What Shall I Paint?

In my art classes I try and help students as much as possible get to grips with the technical aspects of creating successful paintings. However the choice of subject material is very often up to the students themselves. I find that some people are quite clear about what they want paint and others are less so – they know they want to paint but not exactly clear what to do.

What often seems to be the case though is that students will often produce better paintings when they feel inspired, moved or at they very least interested in the subject they are painting.

So spending a bit of time in the week, or evening before a class, finding and preparing a subject for the class is definitely time well spent.

Here are some suggestions of ways to prepare for the class.

Working in a series or to a theme

Claude Monet often worked in themes – in this case his famous Haystacks

Whatever you decide to paint, it can be a good strategy to pick a theme for a term. This means you don’t have to re-invent the wheel every time you come to class, you already have a rough idea of what your going to do, and just need to find something within that theme.

A theme could be a broad as ‘objects that begin with A’ or as narrow as a single a photograph painted in 12 different colours/styles/sizes. Suggestions for themes is endless but a few might be:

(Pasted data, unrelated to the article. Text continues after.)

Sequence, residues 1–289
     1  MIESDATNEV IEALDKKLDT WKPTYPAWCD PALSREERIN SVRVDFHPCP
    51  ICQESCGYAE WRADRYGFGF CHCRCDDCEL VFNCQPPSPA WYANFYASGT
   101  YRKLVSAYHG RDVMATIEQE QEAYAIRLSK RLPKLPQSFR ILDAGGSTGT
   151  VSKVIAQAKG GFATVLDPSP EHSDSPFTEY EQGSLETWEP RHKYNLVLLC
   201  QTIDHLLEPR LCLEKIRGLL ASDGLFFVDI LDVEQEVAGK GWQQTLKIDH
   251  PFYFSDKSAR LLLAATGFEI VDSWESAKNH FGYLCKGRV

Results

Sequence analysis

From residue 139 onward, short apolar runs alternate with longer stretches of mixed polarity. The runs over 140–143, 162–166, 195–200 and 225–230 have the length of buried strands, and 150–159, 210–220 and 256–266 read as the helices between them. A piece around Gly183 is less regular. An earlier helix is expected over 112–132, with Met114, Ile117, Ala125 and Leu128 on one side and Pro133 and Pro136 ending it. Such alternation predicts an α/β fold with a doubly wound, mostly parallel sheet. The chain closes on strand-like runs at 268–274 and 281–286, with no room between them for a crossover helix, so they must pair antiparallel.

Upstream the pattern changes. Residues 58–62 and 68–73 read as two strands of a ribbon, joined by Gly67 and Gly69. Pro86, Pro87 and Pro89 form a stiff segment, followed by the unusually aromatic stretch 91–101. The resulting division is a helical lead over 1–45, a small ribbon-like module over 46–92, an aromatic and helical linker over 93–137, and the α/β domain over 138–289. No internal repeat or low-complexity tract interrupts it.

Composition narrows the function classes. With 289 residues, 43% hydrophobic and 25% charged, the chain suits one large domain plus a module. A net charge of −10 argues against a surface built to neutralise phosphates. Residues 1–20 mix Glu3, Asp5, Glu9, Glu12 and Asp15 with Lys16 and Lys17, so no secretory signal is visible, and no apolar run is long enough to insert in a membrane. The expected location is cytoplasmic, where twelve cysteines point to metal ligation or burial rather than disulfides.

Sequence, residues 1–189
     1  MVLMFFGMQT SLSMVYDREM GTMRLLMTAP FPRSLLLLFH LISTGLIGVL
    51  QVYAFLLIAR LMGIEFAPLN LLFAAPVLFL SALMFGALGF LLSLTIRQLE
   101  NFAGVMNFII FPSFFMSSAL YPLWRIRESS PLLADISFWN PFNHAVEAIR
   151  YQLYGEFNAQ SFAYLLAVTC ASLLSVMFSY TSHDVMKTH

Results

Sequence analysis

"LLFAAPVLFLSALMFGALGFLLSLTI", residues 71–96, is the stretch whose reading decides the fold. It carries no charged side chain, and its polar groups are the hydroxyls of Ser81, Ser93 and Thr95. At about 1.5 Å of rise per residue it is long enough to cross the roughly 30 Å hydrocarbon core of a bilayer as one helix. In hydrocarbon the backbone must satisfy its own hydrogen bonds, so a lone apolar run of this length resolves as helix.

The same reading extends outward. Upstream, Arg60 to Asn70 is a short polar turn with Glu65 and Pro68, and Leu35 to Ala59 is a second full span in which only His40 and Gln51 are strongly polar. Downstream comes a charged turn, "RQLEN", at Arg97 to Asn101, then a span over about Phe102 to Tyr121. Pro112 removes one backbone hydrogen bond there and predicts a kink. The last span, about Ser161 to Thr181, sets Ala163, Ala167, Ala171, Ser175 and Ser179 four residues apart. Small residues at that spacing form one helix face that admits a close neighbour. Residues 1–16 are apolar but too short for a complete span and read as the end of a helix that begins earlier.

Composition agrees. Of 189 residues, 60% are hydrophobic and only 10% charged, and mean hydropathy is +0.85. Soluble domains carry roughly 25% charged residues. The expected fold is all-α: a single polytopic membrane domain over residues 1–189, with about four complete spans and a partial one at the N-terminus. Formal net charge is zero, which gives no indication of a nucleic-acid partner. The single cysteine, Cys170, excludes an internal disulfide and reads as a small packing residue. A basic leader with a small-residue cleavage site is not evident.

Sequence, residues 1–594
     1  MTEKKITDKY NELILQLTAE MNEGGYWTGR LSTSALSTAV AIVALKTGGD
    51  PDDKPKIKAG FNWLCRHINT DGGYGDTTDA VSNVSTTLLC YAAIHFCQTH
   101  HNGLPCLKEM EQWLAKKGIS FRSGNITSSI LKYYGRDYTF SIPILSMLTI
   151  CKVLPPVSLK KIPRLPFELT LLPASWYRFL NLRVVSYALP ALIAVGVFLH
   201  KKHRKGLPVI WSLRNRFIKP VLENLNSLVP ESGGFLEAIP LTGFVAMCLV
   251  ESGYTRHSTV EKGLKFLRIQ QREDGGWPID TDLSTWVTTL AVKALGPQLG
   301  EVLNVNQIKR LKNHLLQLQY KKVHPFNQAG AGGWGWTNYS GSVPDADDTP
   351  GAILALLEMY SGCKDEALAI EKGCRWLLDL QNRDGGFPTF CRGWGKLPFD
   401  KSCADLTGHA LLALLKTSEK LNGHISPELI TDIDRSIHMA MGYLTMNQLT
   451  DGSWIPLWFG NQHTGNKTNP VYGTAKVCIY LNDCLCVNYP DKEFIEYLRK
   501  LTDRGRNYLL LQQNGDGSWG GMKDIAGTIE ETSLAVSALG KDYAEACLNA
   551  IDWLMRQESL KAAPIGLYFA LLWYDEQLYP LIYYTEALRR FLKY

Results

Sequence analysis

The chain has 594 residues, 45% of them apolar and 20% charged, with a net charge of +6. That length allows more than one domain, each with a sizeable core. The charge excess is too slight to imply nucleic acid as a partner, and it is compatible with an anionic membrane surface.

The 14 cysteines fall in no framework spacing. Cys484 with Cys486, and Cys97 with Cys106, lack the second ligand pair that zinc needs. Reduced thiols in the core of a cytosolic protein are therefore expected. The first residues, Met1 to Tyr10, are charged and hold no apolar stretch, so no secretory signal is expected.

•Local History
•A holiday destination
•A single colour (like Picasso’s blue/pink period)
•A season
•Current Events
•Artists (Van Gogh,Caravaggio,Walter Sickert)

Or even a bit more modern/poetic themes:


The advantage of a theme is that it can grow and develop, new ideas might emerge and so a theme can branch off. Most of my work has been around the themes of fruit, rivers and Suffolk. A simple theme is capable of sustaining continued investigation.

Under the Wave off Kanagawa – taken from Hokusai’s Thirty-six Views of Mount Fuji

Once you have got a theme you have two main strategies for exploring it in the class:

Still Life Painting

Still Life painting is an excellent vehicle for learning the fundamentals of painting,including drawing, tone, colour and composition.

If you want to practice still life in the class I have some suggestions to help you get better results:

•Bring in your own lamp and an extension cord. This one works
well http://www.argos.co.uk/product/4312134
•Bring some cloth or something that can function as a backdrop
•Work small. Most ‘painting a day artists work 6” x 6” (keeping the same size
format is almost a theme in itself) – I Think 9”x9” is a bit better..you can get a lot of boards cut cheaply at B&Q.

Working from Reference

So you have picked your theme but aren’t sure where to get good images? Obviously the list is endless here but a few suggestions:

•Magazines (appropriate to your theme)
•Cards/Post cards
•Second Hand Books – (great for reference)
•your own photographs

The Internet – There are lots of ways to collect images online, including sites like Pintrest, Flikr and google image search.

Screen Grab – you can use a programlike faststone capture
http://www.faststone.org/FSCaptureDetail.htm– once installed you can snap pictures from youtube and iplayer. Most tablets and Ipads have this built in. Nature Documentaries and Films are full of good reference,

Do them in batches – get a theme find say 10-12 images you like, print them yourself or send to staples to print and hey presto! You have already prepared for a whole terms painting..with room to change if something grabs your attention.

The trick is to keep looking and thinking about painting – the world is full of subjects that you might want to bring to life!


David Hockney’s – Dog Wall